With the end of the Turkish elections, European Parliament members say it is time to advance talks on Turkey's accession into the European Union.
"As the legislative elections are now behind, I think the moment has come for the EU and Turkey to engage consistently in accession talks," Cristian Dan Preda, lawmaker for the Christian Democrats, told Anadolu Agency (AA).
"New chapters of negotiations should be opened in the following months, including in the area of justice and fundamental freedoms," Dan Preda said.
Parts of Turkey's EU accession procedure that comprises reforms in economic, political, judicial and other areas in chapters have been blocked. Chapter 23 on judiciary and fundamental rights, and Chapter 24 on justice, freedom and security, were blocked by the Greek Cyprus despite the European Commission and European Parliament calling for them to be opened.
"It is time for the EU to also advance in the enlargement negotiations with Turkey and open new chapters," Victor Bostinaru, a lawmaker for the Socialists and Democrats, told AA.
"Negotiations can only allow us to identify the problematic areas and start discussing the solutions," Bostinaru said.Out of 35 chapters, 14 chapters have been opened and 17 remain blocked, including chapter 17 on economic and monetary polic
y and chapter 26 on education and culture.
The Cyprus issue remains a major obstacle to Turkey's EU accession process.
Turkish Cypriot President Mustafa Akıncı and Greek Cypriot President Nicos Anastasiades resumed talks on reunifying the island following Akıncı's election in April. Negotiations were resumed following a two-year hiatus in February 2013, but stalled in October last year after a row over hydrocarbon exploration around the island.
Kati Piri, the Turkey rapporteur for European Parliament, told AA that a solution to the Cyprus issue would result in the opening of many chapters for Turkey's EU accession.
However, Piri underlined that opening chapters on justice, home affairs and media freedom would speed up the accession talks.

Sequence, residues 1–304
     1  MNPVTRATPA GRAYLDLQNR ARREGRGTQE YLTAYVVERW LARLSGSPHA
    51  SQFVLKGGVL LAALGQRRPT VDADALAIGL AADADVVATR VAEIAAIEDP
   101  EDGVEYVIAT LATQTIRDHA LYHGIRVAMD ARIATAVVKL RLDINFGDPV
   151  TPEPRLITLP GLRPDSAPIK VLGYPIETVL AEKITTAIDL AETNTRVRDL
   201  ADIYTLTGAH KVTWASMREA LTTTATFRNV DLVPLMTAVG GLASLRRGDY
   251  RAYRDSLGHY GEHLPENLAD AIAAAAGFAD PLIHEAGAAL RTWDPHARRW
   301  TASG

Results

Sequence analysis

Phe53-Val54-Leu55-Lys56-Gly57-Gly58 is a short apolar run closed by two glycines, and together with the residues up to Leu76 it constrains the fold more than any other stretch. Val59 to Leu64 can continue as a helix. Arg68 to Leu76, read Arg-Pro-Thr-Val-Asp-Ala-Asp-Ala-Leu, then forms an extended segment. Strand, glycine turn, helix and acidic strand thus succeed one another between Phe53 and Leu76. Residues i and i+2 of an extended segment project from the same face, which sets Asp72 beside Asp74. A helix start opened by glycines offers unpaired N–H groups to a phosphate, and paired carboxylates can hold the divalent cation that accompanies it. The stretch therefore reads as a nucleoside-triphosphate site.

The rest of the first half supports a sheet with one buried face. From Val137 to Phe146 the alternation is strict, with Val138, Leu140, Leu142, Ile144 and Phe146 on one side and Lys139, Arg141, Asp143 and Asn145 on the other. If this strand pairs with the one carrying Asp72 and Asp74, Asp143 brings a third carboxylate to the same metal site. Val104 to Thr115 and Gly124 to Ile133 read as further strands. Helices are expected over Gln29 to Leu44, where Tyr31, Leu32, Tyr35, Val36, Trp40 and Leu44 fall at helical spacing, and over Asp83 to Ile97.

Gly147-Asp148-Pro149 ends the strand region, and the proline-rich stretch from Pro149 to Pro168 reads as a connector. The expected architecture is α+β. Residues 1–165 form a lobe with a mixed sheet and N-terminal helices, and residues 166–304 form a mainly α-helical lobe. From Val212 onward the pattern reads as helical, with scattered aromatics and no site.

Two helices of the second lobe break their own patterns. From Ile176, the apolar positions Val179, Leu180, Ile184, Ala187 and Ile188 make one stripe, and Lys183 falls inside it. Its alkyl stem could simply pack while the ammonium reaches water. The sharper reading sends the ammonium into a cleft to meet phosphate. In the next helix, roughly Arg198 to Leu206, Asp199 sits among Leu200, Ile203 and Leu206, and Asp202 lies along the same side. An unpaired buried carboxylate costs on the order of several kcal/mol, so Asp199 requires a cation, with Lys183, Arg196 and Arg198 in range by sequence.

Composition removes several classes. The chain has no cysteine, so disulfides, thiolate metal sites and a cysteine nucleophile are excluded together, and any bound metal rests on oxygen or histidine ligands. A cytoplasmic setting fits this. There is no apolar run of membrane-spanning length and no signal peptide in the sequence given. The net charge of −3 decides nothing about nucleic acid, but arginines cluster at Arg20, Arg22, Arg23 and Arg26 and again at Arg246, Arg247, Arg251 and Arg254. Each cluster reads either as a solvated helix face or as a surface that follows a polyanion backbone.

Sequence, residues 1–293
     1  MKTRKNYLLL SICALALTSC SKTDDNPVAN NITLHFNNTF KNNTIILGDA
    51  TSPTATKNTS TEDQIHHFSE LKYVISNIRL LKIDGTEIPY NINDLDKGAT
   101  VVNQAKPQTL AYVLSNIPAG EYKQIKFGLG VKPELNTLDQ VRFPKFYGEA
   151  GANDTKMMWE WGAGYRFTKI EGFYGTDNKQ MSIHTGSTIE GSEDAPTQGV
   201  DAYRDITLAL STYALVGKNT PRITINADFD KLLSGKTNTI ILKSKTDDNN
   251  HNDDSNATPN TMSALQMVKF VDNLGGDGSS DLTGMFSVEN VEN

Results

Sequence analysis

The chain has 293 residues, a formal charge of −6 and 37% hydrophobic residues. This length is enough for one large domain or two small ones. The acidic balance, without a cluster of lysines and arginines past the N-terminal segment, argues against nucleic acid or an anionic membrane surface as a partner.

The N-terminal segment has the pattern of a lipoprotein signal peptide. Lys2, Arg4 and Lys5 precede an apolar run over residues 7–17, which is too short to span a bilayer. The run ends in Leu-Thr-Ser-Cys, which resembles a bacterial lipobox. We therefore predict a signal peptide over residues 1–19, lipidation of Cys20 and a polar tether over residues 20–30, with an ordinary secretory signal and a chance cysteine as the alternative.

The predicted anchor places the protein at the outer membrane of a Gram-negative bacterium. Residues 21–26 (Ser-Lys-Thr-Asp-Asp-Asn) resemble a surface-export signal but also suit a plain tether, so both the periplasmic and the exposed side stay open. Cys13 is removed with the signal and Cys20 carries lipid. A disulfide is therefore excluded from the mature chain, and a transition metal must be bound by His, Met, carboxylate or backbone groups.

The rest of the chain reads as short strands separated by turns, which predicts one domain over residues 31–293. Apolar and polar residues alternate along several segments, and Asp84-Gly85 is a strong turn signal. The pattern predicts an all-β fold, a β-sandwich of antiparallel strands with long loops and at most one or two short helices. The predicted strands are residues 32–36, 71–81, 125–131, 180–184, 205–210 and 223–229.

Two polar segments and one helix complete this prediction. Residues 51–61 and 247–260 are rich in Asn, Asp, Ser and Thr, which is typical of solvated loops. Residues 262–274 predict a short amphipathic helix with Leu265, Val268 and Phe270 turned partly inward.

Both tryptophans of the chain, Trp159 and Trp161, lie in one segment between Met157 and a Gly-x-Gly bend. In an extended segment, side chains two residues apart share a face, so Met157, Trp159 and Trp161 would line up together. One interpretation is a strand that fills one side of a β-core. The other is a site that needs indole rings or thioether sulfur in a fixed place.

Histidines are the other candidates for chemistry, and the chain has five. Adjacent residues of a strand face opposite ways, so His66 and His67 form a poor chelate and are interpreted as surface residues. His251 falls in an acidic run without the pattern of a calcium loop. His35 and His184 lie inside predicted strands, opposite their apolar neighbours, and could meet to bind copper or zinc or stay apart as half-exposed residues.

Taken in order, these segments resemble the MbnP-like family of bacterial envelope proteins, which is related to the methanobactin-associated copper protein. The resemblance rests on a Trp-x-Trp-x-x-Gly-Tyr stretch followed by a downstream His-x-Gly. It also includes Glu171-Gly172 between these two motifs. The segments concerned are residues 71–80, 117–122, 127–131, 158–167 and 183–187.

"The [European] Parliament has always been in favor of opening those chapters that deal with justice and home affairs [and] media freedom?[what] would be helpful in order to accelerate that process is if we could also see some positive developments in that field in Turkey," she said.
Refugee action plan
Faced with the worst migrant crisis since World War II, the EU is in the process of negotiating with Turkey on a refugee action plan under which the 28-nation bloc has offered Turkey funds to reduce the flow of asylum seekers coming into Europe in exchange for easier visa travel rules for Turkish citizens seeking to visit Europe.
"We have to acknowledge the crucial Turkish role in hosting millions of Syrian refugees," Bostinaru said. "The EU has to continue to support the efforts of Turkey and strengthen EU-Turkey cooperation on the management of the crisis."
The Turkish government, according to official figures, has so far spent $7.6 billion on around 2.5 million refugees in the country.
"The European Union, together with Turkey, should not only discuss financial aspects but define a clear plan on how to provide adequate humanitarian care and access to education to all refugees, in EU and in Turkey, in order to allow their integration into the societies," Bostinaru said.
EU border agency Frontex said Tuesday that 710,000 asylum seekers had entered the EU within the first nine months of the year, with many travelling through Turkey.
"The refugee action plan has shown that in order to be able to tackle the major regional crisis, the EU and Turkey need to work hand-in-hand," Dan Preda said.
"I am confident that in the following months, with the support of the future Turkish government, the cooperation will increase in the framework of the action plan and beyond," he said.
On Oct.18, German Chancellor Angela Merkel also pushed for a new start in the Turkey-EU accession talks during her visit to Turkey where she met with President Recep Tayyip Erdoğan and Prime Minister Ahmet Davutoğlu.
"Germany is ready this year to open Chapter 17, and make preparations for [Chapters] 23 and 24," Merkel said. "We can talk about the details," she added.